Face of US Diplomacy (photo:Thomas Paine's Corner)
Bush wants Chile to shun Venezuela
With an arrogance bordering on intimidation, the administration of
George W. Bush wishes to impose its will onto Chile's sovereignty and force
that country to impede Venezuela's admission to the United Nations Security
That attempt came to light on Sunday, April 28, when the Chilean daily La Tercera
published a report -- based on Chilean diplomatic sources -- titled "White
House Ultimatum." Progreso Weekly has translated that report and summarizes
it here. Words [in brackets] are PW's clarifications.
Venezuela’s Chavez with Chile’s Bachelet. White House wants to prohibit the friendship.(AP photo)
During a visit by Chilean Foreign Minister Alejandro Foxley to the U.S. State
Department on April 21, "Secretary of State Condoleezza Rice devoted an
overwhelming proportion of her meeting with Foxley to only one issue: Venezuela's
candidacy to the United Nations Security Council," La Tercera reported.
"She differentiated this issue from all other regional and multilateral
decisions and said its singularity is that 'it aims at the heart of U.S. interests.'
Foxley attempted to explain that Chile must consider the opinions of its neighbors
and that, in any case, has not yet made a decision [...] but the Secretary of
State was unequivocal: the United States 'will not understand' a vote by Chile
in favor of Venezuela at the Security Council."
Bush's choice: Guatemala
In October, the General Assembly of the United Nations must choose the five
new rotating members who will join the Security Council on Jan. 1, 2007. The
Council, which oversees global stability, is composed of 15 countries. Five
of them (the U.S., Russia, China, France and Britain) are permanent members;
the other 10 are elected for two years but change alternately, in groups of
Latin America is entitled to two seats, now occupied by Peru and Argentina,
but the latter must abandon its sea on Dec. 29. Venezuela wishes to occupy the
vacant seat, but is challenged by Guatemala, the United States' unofficial candidate.
Traditionally, the selection is made by the members of GRULAC (the group of
Latin American and Caribbean nations) and that makes the vote at the Assembly
General a mere formality, because the other countries respect the regional consensus.
Therein lies the importance of Chile's vote.
The rules also establish that if two or more nations from a region insist on
their candidacy until the end, the dispute must be settled by the United Nations'
191 member countries.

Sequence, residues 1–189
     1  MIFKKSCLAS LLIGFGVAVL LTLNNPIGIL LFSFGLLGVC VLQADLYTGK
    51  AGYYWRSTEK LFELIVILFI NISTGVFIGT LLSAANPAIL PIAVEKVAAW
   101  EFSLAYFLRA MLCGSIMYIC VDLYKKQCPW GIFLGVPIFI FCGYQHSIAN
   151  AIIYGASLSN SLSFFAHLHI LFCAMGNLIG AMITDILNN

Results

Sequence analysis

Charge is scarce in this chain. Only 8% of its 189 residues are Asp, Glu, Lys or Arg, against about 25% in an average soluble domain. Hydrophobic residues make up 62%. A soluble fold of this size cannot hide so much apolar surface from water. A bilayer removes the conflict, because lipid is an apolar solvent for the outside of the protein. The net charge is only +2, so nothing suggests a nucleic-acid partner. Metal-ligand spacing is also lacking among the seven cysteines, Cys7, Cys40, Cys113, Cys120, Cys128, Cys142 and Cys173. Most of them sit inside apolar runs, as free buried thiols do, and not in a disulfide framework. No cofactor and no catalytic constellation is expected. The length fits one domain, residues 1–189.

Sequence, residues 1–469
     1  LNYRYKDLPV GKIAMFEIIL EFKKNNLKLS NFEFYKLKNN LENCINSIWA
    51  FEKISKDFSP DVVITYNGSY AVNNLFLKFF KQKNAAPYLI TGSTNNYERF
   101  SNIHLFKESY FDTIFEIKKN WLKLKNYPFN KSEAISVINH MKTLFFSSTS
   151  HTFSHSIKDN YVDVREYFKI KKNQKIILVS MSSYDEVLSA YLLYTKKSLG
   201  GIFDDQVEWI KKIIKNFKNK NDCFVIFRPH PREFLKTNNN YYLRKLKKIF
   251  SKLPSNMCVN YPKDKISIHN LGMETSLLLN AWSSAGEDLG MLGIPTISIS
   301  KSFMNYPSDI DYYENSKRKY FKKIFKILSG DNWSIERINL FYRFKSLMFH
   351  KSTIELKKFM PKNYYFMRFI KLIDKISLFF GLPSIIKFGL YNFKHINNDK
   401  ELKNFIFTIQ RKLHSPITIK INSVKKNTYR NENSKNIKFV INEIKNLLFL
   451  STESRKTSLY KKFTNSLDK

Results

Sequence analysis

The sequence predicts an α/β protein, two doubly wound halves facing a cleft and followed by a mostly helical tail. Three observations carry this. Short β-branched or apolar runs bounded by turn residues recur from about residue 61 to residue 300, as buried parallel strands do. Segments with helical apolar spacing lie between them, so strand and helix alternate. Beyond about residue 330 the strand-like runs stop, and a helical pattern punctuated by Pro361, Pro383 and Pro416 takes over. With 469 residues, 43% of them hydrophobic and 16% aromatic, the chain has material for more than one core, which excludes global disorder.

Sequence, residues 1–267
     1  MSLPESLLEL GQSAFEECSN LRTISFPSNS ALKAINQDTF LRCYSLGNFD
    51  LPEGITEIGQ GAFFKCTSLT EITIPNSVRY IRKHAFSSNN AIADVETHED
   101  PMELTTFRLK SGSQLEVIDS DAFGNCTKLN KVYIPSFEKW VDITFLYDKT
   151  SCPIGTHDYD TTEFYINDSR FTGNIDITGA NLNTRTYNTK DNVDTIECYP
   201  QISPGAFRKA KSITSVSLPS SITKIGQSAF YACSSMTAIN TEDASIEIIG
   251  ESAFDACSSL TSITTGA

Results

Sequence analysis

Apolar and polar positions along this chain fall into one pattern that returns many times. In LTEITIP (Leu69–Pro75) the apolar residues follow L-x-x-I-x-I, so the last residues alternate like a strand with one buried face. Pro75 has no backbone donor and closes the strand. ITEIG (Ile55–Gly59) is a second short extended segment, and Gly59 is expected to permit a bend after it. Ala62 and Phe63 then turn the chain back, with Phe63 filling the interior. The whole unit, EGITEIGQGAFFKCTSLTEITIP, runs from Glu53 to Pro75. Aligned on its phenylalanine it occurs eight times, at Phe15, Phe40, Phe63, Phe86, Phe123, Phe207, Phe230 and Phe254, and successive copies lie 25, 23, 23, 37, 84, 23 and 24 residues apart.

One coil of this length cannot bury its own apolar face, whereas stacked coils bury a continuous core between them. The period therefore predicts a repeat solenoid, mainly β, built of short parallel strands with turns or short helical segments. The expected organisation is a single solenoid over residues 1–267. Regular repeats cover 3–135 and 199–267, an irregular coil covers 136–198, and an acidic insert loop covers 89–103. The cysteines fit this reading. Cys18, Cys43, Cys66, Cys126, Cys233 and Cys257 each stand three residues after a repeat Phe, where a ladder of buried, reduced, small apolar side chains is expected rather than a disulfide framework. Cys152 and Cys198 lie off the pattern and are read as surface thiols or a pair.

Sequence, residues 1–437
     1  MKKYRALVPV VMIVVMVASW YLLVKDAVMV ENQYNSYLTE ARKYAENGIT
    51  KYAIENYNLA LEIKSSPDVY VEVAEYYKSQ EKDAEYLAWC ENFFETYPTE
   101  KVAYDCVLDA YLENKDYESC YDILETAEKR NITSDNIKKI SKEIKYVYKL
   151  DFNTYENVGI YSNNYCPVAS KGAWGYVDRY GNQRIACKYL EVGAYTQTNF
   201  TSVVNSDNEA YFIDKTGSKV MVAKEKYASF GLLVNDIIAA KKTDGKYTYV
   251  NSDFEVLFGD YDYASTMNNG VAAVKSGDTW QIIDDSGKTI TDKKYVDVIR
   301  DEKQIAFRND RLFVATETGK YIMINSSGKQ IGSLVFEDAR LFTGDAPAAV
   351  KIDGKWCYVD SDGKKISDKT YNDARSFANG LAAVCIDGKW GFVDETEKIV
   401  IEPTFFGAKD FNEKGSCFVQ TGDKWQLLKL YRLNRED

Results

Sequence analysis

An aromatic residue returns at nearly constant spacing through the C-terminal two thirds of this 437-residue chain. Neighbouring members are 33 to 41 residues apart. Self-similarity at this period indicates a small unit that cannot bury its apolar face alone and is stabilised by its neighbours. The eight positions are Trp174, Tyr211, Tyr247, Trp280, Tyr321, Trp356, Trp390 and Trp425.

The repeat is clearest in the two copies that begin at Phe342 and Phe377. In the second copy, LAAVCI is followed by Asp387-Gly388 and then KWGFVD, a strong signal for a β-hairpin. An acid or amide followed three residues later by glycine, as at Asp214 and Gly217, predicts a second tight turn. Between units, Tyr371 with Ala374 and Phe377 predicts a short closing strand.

Chile might be 'a loser'
In her conversation with the Chilean foreign minister, Rice warned that, if
Chile supports Venezuela, "Chile could fall into a group of losers, against
the feelings of the United States, Mexico, part of Central America and almost
all of Europe. Rice referred to the decisions the Security Council might have
to adopt regarding Iran and stressed the 'provocative' friendship [Venezuelan
President Hugo] Chávez has developed with the government of President
Mahmoud Ahmadineyad [...] who now challenges the White House with a continuation
of his nuclear program.
"The Secretary of State paid little attention to the other topics on Foxley's
agenda. [...] Nor did she embark on a deeper examination of the free-trade treaty
[between Washington and Santiago.] Her message was: The entire bilateral agenda
will be easy if Chile does not vote for Venezuela, but very difficult if it
More than a warning, a threat
"A lot worse was the Chilean minister's meeting with Under Secretary of
State Robert Zoellick, who openly displayed his skepticism toward the policy
of prudence and what he called -- with a mocking tone -- the 'naive idea' of
solidarity within South America. According to [Zoellick], Chile's silence [...]
would end up separating the country from the world actors with which it interacts,
such as Asia and Europe, and would earn it scant dividends among its neighbors.
"Zoellick recalled that, when he was Secretary of Commerce, he personally
intervened with President Bush so [Bush] might go ahead with the signing of
the FTA with Chile, despite the fact that at that time President Ricardo Lagos
had announced he would vote against the invasion of Iraq. [...] 'This time I
wouldn't do the same,' [Zoellick] told Foxley."
Foxley pointed out that "the United States should understand that Chile
needs to evaluate its vote for the Security Council after looking at its immediate
surroundings." Zoellick answered that "if that reflection leads to
a vote for Venezuela, the bilateral relationship [Chile-U.S.] would be 'decisively
damaged' [...] and that the costs in terms of security and commercial trade
would be extremely high.
The reaction in Chile was instantaneous and solidly nationalistic. The spokesman
for the Chilean presidency, Ricardo Lagos Weber, said that "Chile is a
dignified country that doesn't allow itself to be pressured, and it's a country
that conducts diplomacy. [...] We are not into pressure; we are into building
Christian-democratic senator Jorge Pizarro said that "we should not be
overly concerned by any pressure from the United States." Conservative
senator Sergio Romero said that "in international relations, people don't
use that kind of threat, so I'm surprised that [Rice] can speak like that."
Chilean President Michelle Bachelet will travel to Washington on June 9 to
meet with President Bush and discuss issues of mutual interest, fulfilling an
appointment made weeks ago. At a private luncheon at the White House, Bachelet
will be accompanied by Foreign Minister Foxley and Minister of the Economy Andrés
Velasco. Bush will be flanked by Rice, Zoellick, Under Secretary for Hemispheric
Affairs Thomas Shannon and National Security Council adviser Steven Hadley.
As La Tercera predicts, "if the hosts apply only one half of the pressure
put on Foxley during his preparatory visit, we can be that it won't be a peaceful